COSGROVE, Denis Edmund  [1948 - 2008]

Denis Edmund Cosgrove, born in Liverpool on 3rd May 1948, was a highly distinguished cultural geographer, who held professorships at Royal Holloway, University of London and the University of California.

He was the second eldest of six children born to Peter and Gwendoline Cosgrove. His father was a bank clerk and a devout Roman Catholic. Denis attended St Francis Xavier’s College, as had his father. Bizarrely, the school told his parents that geography was a ‘girls’ subject’ and that if he was to stay in the A-stream he had to drop it in favour of Latin or Greek. Fortunately, his passion for the subject was not dimmed by the school’s short-sightedness, and he won an open scholarship to read geography at St Catherine’s College, Oxford. After graduation he completed an MA at the University of Toronto before returning to Oxford to do a doctorate. Earning his living as a lecturer at Oxford Polytechnic he submitted a thesis on Venetian landscape for a Bachelor of Letters degree. The examiner, considering it an outstanding piece of work, insisted it be resubmitted for a Doctor of Philosophy degree.

He moved on to Loughborough University in 1998, Royal Holloway in 1994, and in 2000 was appointed Alexander von Humboldt Professor of Geography at the University of California. He was named Getty Distinguished Scholar for 2008-09. In 1988 he was awarded the prestigious Back Award by the Royal Geographical Society, and an honorary doctorate from Tallinn University in 2008.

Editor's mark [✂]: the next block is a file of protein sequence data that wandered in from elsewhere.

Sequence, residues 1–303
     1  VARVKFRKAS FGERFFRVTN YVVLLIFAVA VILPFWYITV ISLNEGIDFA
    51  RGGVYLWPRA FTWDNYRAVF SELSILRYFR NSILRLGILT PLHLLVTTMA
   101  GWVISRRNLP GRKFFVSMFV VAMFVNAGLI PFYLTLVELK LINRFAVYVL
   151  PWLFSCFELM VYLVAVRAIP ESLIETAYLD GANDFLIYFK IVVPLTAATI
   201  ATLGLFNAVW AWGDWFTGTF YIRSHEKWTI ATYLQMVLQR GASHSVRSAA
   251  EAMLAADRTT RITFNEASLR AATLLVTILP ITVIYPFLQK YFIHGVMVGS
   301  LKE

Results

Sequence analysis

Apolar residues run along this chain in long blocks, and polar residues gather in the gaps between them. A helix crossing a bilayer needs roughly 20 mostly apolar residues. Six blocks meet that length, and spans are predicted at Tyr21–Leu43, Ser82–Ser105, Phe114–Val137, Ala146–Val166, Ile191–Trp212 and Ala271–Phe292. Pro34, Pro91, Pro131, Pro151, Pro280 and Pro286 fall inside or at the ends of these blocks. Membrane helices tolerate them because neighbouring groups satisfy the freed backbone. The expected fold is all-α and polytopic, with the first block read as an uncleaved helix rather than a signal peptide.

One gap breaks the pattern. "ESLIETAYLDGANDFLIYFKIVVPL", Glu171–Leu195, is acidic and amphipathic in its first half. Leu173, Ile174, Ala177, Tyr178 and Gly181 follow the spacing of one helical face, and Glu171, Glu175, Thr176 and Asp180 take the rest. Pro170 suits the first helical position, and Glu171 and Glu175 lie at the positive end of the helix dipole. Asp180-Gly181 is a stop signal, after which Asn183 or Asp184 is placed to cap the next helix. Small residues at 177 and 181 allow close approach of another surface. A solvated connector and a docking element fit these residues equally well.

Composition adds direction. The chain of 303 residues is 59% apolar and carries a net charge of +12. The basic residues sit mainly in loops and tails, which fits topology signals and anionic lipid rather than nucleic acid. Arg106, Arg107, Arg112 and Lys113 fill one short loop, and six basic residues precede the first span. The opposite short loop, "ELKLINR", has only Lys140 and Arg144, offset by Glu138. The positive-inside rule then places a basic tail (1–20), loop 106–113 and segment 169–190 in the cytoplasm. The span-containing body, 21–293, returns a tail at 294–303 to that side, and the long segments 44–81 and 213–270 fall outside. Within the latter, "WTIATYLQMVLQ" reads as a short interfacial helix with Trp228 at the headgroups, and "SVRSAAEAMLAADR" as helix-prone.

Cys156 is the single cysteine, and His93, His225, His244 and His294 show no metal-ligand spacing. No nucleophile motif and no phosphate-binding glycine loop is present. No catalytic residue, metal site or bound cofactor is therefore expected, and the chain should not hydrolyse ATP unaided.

Cosgrove's research interests evolved from a focus on the meanings of landscape in human and cultural geography, especially in Western Europe since the 15th century, to a broader concern with the role of spatial images and representations in the making and communicating of knowledge. His research made a major contribution to the development of geography of media and communication.

He was diagnosed with stomach cancer in 2006 and died in Los Angeles on 21 March 2008 aged just 59. He was survived by his first wife Isabel, his second wife Carmen and a son and two daughters.

At the time of his birth the Cosgrove family home was at 16 Kenilworth Road L16. They later moved to 10 Hallville Road L18.  


16 Kenilworth Road L16

The Cosgrove home in the late 1940's and early 1950s.

10 Hallville Road L18

The Cosgrove family home c.1970.


The Wikipedia entry is as thorough a biography as I have found. The obituary in The Independent gives a good overview of his areas of research. A YouTuve search will bring up a number of his lectures for those wanting a more detailed picture of his work.